In today’s arts and architecture lesson, Andrea Altomaro, a midwife herself, writes a description of the last episode of the current PBS series about midwifing, noting that we think more about midwifing births than deaths, yet in both moments, we need to be accompanied. Calling birth and death, “life’s great transitions,” Altomaro reflects on how vitally important these transitions are—in different ways—to the ones experiencing them and to the bystanders. All are caught up in truly liminal space, the threshold between worlds.
Midwives do their best work in liminal spaces. Those times in our lives between what we know and the new that has yet to arrive. In a way, all midwifery is a project of facilitating both birth and death. Whatever or whoever longs to emerge from the womb of a woman or of this world cannot come forward without there being an accompanying death. Death of the state of being pregnant, death of the world as it was before the arrival, death of the prior experience of the one being born. Birth and death coexist in moments of great transition in a symbiotic relationship. And both are communal, not solitary, experiences. Even for those who die alone, the truth is that they are not alone, but surrounded by a host of others, the saints in light, praying them across the threshold and welcoming them home. Sometimes our midwives are right at our bedside, and other times, we cannot see them. But they are there.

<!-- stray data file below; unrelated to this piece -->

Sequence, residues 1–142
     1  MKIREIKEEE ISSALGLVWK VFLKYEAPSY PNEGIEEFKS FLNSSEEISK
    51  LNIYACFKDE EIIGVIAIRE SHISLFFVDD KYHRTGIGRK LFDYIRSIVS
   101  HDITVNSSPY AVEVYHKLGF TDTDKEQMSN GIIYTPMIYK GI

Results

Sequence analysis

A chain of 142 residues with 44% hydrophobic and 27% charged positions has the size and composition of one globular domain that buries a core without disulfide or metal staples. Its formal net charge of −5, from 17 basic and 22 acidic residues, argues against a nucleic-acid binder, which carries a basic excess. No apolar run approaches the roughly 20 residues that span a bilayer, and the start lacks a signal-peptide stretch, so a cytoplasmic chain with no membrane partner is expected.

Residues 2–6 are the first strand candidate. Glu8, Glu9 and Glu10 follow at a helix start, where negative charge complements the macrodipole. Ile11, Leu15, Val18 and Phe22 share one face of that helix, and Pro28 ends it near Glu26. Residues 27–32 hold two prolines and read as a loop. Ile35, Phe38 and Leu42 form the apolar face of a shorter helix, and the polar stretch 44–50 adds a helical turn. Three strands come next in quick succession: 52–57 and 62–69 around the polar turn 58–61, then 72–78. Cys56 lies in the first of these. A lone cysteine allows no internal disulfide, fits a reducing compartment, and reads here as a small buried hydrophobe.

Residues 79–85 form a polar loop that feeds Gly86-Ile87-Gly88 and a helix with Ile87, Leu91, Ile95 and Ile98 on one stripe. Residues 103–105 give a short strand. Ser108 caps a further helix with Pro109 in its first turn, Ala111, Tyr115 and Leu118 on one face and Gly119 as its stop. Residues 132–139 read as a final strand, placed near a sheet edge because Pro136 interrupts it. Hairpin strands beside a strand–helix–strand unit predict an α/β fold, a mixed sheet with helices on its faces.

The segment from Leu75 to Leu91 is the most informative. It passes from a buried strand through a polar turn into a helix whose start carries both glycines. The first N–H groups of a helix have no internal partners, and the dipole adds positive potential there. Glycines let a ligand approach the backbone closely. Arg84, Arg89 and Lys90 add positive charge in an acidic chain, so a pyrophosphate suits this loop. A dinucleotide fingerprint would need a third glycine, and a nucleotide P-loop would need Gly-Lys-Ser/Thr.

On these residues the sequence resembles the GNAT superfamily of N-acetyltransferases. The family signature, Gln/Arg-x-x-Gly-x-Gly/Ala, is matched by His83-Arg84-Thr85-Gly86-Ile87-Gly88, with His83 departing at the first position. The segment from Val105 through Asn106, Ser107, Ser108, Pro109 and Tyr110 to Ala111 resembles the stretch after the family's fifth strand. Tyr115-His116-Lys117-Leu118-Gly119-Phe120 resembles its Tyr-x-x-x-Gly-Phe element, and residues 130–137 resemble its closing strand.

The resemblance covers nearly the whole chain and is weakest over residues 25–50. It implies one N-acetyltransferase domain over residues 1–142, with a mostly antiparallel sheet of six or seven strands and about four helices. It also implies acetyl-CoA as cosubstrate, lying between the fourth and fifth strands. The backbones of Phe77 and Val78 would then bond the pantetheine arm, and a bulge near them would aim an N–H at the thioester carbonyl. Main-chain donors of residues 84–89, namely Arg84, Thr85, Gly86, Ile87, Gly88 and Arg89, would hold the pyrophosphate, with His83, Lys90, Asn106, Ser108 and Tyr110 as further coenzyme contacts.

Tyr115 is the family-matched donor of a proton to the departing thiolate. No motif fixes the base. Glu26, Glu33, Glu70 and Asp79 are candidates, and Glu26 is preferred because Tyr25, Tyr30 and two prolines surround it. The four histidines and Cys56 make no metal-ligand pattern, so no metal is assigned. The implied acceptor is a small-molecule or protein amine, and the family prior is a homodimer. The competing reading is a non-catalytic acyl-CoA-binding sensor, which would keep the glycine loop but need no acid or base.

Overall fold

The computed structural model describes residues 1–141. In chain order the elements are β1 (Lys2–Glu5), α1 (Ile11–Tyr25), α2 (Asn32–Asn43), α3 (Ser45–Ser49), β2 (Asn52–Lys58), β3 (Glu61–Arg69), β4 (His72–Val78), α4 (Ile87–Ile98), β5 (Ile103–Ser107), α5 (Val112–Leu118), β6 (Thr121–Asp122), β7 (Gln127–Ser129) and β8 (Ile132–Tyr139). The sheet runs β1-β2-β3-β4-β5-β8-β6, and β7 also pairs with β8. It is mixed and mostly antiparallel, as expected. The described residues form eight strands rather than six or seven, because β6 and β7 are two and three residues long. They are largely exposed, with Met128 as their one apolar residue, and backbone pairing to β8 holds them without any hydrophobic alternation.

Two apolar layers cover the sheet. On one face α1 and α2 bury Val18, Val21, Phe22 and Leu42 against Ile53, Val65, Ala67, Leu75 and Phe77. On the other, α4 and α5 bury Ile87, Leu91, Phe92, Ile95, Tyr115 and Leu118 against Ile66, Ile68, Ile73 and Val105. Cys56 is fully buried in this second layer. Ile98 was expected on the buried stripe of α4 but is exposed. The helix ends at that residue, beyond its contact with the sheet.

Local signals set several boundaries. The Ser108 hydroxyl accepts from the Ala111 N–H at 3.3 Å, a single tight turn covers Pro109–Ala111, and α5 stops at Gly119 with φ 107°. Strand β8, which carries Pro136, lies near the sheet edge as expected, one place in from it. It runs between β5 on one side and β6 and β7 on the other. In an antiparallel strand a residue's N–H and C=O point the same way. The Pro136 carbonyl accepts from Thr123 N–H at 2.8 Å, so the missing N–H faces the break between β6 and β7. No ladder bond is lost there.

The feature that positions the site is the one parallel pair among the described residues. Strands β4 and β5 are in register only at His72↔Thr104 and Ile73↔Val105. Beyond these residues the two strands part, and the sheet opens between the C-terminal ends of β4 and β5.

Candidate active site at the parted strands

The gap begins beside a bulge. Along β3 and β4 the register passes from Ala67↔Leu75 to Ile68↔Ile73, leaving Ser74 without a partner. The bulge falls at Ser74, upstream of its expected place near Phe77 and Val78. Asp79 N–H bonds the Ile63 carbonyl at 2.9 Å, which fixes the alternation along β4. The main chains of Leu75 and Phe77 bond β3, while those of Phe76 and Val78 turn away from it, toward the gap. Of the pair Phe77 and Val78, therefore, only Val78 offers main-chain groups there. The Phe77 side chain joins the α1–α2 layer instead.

We need midwives—those who can summon the spiritual, physical, and communal resources we need to make the transition.
And when there is danger, as there certainly was in the story of Moses’ birth, we need fearless guides who can assure us safe passage and safe harbor. Shiphrah and Puah made sure that Israelite boys were born. And we can assume they were right there, alongside Moses’ mother, making sure he was hidden away in the reeds on the bank of the river for safe keeping. This is why the arc of the story of the people of Israel did not end under the rod of Egypt’s oppression.
Earlier this week, I received a link to a BBC broadcast (see history and culture lesson link) about a small group of quilters who gathered at Gray Center in Mississippi to be taught by seasoned quilting elders and experts from Gee’s Bend, Alabama, Mary Ann Pettway and China Pettway. The British guest who traveled across the ocean to attend the quilting retreat, Maria Margaronis, tells the story of the quilters of Gee’s Bend, who have led and inspired their community for decades as they are now leading and inspiring others—not with meetings and reports and speeches, but with needles and thread and scraps of fabric that, when stitched together, weave stories of history and maps to the future.